For her money, though, you should seriously consider taking it all down: “Keeping up your social media after you die increases the chances that you’ll be phished or hacked,” she explains, which may end up with your family having to deal with it later. But if you’re determined to keep your accounts active, Kolberg recommends at least removing any identifying information like addresses, schools attended, etc., thus sparing your family the aggravation.
Another thing to consider in the digital realm falls under the same advice of finding the right person for each job. You may want to consider not having your spouse be your “digital executor,” especially if you have something to hide. Be it your DMs with your ex-girlfriend or all of the booty shots you’ve “liked” on instagram, if you’re worried about maintaining your image post-mortem, you may want to appoint someone to be the modern equivalent of a “Porn Buddy” and spare your spouse any unneeded anguish.
Share with Others What’s Important to You
One final piece of advice is to talk about your goals, dreams and desires with the ones closest to you. While some of us keep our dreams to ourselves, worrying that they may be silly or juvenile, sharing them with others may help them come true — even if you aren’t around to see it happen. Just recently, for example, a good friend of mine reached out to me to connect him with an illustrator I knew. My friend, Justin, had just lost his good friend Val unexpectedly, and because Val had shared an important goal with him, Justin felt compelled to see it through.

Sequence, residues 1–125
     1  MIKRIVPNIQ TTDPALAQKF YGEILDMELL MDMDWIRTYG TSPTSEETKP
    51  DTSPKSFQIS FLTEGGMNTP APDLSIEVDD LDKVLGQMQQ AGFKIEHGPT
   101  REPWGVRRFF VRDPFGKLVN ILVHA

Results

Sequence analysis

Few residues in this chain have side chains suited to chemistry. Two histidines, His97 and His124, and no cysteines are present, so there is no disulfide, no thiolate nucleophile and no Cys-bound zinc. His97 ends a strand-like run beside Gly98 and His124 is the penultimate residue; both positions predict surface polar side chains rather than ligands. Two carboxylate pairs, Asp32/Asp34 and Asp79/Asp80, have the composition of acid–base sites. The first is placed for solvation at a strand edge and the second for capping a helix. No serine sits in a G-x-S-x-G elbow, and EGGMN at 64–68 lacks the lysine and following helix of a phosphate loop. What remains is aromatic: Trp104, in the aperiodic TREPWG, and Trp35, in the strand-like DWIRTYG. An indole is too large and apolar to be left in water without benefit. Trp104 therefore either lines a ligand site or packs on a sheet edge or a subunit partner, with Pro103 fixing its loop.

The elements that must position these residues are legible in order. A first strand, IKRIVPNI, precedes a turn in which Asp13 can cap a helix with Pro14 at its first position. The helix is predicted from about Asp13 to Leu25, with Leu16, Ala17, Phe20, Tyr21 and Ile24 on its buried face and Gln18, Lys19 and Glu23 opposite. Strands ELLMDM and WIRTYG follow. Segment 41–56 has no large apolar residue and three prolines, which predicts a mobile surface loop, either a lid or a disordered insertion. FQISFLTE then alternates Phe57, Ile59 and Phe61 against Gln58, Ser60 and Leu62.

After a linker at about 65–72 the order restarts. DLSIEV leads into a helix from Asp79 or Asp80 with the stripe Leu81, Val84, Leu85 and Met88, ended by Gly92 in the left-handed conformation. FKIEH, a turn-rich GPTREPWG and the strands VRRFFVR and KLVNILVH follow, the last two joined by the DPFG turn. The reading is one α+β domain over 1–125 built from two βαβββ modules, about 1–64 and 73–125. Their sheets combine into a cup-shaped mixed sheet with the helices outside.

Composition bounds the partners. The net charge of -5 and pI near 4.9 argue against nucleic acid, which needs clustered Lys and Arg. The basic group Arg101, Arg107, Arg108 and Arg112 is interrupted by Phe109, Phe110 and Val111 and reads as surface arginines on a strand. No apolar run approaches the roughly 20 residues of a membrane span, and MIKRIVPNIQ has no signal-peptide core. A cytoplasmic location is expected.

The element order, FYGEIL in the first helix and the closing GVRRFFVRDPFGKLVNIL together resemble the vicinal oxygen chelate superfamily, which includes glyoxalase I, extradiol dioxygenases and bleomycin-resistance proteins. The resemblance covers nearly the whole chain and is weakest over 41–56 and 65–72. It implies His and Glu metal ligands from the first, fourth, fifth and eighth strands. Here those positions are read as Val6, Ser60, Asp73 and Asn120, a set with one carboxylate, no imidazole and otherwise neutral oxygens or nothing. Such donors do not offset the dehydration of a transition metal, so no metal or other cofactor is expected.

“I knew Val for 12 years, and about a month before he died, he had come to me with a script he had for a children’s book that we wanted to get published,” says Justin. “It was only eight pages, but it was very important to him as it was about his Nigerian heritage as told through the eyes of a young girl, representing his daughters. At the time, no one knew he was going to die — including him — but he told me that this was specifically about legacy.
“I remember being at the wake and thinking, I have to get this done for him. So soon after, I went to his wife and made sure it was okay with her. Since then, I’ve been taking the steps to make it happen. As his friend, and the guy he had shared this goal with, it feels like a necessity — for Val, for his wife and for his daughters.”
So, if you’ve got a children’s book, an invention or anything else that you’d like to accomplish “someday,” you really should open up to the ones around you about making those things happen.
Who knows, maybe you’ll get to leave that little bit of legacy behind after all.
*For legal reasons, we are obliged to point out that funeral homes will not** really do this.
**Although they should.